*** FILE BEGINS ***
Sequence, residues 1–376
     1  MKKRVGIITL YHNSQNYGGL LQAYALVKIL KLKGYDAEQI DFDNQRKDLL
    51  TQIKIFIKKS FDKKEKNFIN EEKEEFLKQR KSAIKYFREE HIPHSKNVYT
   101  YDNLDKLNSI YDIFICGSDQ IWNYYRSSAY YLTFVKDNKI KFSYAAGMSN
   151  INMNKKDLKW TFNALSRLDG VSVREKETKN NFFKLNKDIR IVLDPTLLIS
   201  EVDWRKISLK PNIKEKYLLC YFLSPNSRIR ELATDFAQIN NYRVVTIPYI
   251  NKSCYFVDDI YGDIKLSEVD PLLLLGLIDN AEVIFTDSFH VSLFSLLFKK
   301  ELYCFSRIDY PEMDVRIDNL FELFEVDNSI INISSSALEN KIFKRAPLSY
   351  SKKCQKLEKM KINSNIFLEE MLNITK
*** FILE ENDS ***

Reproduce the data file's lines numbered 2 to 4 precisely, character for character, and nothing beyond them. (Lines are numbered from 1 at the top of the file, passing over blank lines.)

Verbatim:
     1  MKKRVGIITL YHNSQNYGGL LQAYALVKIL KLKGYDAEQI DFDNQRKDLL
    51  TQIKIFIKKS FDKKEKNFIN EEKEEFLKQR KSAIKYFREE HIPHSKNVYT
   101  YDNLDKLNSI YDIFICGSDQ IWNYYRSSAY YLTFVKDNKI KFSYAAGMSN